The Romanesco Revelation

We all know that Ade is pretty good at growing veg. He’s tried growing most things that are suited to our temperate climate (and on occasion, things that really aren’t!) and has never had any consistent failures… aside from romanesco.

I didn’t even know about romanesco until I had it at a restaurant about ten years ago, and I remember staring at my plate in wonderment. What vegetable sorcery was this, I wondered, with its intricate domes and spires that look like they belong atop St Basil’s Cathedral in Moscow?

A few years later, when we had the allotment, Ade tried to grow some. He sowed the seeds, they germinated, but when he transplanted them to the plot, the flowerheads never developed. A few years later, when he tried again, the plants were thwarted by an ant invasion. Last summer, Ade planted six romanesco, with the hope of harvesting some for Christmas. One plant died, and the other five didn’t produce flowerheads. “The romanesco hasn’t come to anything again,” he said, grumpily, a few months ago, as we were harvesting our purple sprouting broccoli by the trugful.

Then suddenly, a few weeks ago, they appeared! We harvested some immediately.

A member of the brassica family, I suppose you could describe romanesco as a cross between broccoli and cauliflower, but that rather does it a disservice. It’s got bags more style than its conventional cousins. For a start, it’s chartreuse, and is probably the only thing on the planet that looks good in chartreuse. Secondly, it has a more refined flavour. But it’s the fractal structure of its flower head that is so mesmerising; it’s a mathematical marvel.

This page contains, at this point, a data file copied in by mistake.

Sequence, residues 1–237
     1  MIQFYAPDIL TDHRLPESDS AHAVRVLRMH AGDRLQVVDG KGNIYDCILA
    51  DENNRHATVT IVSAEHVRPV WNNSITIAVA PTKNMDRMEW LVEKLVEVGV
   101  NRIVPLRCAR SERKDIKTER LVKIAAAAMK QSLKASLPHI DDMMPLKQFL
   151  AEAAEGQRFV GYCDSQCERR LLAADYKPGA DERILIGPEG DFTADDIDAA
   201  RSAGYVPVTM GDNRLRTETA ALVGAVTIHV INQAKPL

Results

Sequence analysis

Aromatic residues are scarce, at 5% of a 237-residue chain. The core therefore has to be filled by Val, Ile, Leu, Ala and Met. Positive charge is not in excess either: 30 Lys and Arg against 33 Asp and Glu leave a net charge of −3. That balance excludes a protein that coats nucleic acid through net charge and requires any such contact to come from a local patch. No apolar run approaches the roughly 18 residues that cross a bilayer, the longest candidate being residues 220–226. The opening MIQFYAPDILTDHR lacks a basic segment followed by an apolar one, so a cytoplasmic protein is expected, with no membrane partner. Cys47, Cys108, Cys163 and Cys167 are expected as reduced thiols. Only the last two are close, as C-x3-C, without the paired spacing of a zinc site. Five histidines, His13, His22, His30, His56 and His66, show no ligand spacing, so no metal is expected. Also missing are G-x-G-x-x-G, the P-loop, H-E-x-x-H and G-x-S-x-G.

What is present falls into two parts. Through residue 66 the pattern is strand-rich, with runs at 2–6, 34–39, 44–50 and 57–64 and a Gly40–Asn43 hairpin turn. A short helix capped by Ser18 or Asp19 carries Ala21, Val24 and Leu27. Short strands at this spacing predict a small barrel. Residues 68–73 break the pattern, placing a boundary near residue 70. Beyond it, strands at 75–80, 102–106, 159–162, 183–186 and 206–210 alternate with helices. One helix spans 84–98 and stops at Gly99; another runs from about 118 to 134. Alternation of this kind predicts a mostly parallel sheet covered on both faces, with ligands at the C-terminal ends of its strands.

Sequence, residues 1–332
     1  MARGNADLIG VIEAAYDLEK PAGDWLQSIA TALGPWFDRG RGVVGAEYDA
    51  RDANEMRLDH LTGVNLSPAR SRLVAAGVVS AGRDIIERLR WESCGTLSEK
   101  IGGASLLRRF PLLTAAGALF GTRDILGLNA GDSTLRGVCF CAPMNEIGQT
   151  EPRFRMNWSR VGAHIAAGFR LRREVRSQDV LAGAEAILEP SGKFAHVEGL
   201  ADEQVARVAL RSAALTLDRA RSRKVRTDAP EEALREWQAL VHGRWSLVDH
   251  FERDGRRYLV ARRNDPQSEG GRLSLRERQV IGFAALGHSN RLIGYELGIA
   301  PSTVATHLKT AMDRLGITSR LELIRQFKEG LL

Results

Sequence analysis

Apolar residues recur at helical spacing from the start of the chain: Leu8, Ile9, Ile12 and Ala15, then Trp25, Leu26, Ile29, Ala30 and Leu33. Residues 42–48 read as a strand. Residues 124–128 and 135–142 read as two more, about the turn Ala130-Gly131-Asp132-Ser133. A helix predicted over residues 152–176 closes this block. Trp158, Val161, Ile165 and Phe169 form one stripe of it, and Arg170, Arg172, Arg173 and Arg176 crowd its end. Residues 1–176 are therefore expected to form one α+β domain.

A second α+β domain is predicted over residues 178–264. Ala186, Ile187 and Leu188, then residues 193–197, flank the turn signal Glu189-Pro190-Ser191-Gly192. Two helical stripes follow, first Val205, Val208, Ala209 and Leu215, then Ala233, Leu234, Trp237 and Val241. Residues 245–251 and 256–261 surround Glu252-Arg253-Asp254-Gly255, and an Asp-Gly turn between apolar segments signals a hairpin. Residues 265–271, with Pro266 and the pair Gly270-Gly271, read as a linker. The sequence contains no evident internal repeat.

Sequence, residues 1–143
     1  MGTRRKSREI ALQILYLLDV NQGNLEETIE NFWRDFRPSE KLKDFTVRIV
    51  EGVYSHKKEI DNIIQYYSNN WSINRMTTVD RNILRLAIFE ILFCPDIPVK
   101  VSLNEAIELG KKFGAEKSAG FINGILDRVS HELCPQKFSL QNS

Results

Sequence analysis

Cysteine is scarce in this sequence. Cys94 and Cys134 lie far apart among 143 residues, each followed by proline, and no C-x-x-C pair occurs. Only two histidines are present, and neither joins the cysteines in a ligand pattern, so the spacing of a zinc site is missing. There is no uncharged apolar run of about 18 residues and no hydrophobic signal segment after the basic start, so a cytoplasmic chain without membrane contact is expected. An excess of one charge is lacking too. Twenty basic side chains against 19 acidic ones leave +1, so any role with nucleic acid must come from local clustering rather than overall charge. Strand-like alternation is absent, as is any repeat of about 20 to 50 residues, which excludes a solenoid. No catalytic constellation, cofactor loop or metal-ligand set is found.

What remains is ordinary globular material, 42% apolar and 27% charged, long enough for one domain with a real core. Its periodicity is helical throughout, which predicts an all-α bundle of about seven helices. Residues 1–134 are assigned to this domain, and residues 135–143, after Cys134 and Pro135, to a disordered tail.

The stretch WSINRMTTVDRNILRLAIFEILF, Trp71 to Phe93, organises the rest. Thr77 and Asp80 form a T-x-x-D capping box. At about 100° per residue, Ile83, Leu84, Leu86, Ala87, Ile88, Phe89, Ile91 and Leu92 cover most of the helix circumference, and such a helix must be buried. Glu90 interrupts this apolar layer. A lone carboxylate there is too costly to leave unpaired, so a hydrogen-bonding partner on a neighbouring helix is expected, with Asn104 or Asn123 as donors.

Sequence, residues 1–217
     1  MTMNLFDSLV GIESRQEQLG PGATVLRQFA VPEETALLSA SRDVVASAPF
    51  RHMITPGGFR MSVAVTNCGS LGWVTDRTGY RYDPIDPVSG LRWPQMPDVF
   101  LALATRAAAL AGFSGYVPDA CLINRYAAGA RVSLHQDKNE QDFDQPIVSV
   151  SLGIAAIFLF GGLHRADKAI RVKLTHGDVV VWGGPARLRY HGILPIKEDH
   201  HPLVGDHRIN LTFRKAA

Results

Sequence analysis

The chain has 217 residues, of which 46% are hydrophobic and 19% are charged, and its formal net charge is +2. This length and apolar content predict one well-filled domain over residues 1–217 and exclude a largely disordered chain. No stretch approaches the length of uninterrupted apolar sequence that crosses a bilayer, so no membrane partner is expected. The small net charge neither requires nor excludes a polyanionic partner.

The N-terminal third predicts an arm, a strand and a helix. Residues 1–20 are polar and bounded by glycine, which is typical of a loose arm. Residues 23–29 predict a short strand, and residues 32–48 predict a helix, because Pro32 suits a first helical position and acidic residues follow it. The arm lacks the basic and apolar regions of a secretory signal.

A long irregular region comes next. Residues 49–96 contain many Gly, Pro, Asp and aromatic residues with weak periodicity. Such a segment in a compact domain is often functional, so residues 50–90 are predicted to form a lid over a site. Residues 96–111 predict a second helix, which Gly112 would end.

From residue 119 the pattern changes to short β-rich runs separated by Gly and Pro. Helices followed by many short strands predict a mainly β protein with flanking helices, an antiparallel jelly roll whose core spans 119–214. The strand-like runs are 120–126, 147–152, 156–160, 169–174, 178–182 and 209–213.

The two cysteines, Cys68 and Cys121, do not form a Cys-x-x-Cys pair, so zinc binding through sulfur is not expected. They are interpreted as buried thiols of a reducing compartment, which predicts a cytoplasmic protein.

I wasted no time in steaming and devouring it, slathered in butter and black pepper. (Maths can only hold my attention for so long and my stomach was rumbling.)

Delighted though he was, Ade was still doubtful whether he wanted to grow romanesco again. It’s a VERY slow grower, and it takes up a fair bit of space. But I’ve really encouraged him to plant some again as it matures at the perfect time of year. April is always a sparse month for us. By the end of March, the purple sprouting broccoli is finished, the kale is finished, all the root veggies have done their thing. No vegetable comes into its own in April (not even our rhubarb, which isn’t ready until May)… except for romanesco! It claims the brassica bed as its own, once all its relatives have exhausted themselves. And we were mighty glad to see it.

And as an unexpected bonus, we discovered it’s actually two vegetables for the price of one! The leaves are delicious in their own right, and we’ve been steaming them separately to the florets, as well as having them in salads and turning them into pesto.

Romanesco, you have truly been a revelation. And hats off to Ade for never giving up! 🥳

6 thoughts on “The Romanesco Revelation

  1. Broccoli and cauliflower are too good to relinquish their space in the garden for odd vegetable. To me, it seems like bland broccoli or grassy cauliflower. The foliage is nice only because it is just like that of the others. It is nice that it performed well I suppose. That is more than I can say about any of the three in my garden.

    Liked by 2 people

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